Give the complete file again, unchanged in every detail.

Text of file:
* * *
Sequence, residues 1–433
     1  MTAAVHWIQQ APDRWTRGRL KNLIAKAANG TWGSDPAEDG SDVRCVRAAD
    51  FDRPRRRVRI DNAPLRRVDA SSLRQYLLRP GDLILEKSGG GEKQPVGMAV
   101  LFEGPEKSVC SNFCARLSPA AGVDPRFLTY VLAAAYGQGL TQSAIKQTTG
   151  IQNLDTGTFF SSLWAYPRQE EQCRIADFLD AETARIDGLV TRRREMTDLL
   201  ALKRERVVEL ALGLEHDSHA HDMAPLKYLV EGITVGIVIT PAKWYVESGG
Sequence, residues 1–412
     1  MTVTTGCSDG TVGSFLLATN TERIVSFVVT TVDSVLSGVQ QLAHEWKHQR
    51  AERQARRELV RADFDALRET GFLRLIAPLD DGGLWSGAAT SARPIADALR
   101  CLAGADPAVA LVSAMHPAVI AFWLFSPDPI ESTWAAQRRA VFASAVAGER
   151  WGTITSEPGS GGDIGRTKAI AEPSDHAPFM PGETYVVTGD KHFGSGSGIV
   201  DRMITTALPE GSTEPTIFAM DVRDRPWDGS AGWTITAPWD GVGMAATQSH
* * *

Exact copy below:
Sequence, residues 1–433
     1  MTAAVHWIQQ APDRWTRGRL KNLIAKAANG TWGSDPAEDG SDVRCVRAAD
    51  FDRPRRRVRI DNAPLRRVDA SSLRQYLLRP GDLILEKSGG GEKQPVGMAV
   101  LFEGPEKSVC SNFCARLSPA AGVDPRFLTY VLAAAYGQGL TQSAIKQTTG
   151  IQNLDTGTFF SSLWAYPRQE EQCRIADFLD AETARIDGLV TRRREMTDLL
   201  ALKRERVVEL ALGLEHDSHA HDMAPLKYLV EGITVGIVIT PAKWYVESGG
Sequence, residues 1–412
     1  MTVTTGCSDG TVGSFLLATN TERIVSFVVT TVDSVLSGVQ QLAHEWKHQR
    51  AERQARRELV RADFDALRET GFLRLIAPLD DGGLWSGAAT SARPIADALR
   101  CLAGADPAVA LVSAMHPAVI AFWLFSPDPI ESTWAAQRRA VFASAVAGER
   151  WGTITSEPGS GGDIGRTKAI AEPSDHAPFM PGETYVVTGD KHFGSGSGIV
   201  DRMITTALPE GSTEPTIFAM DVRDRPWDGS AGWTITAPWD GVGMAATQSH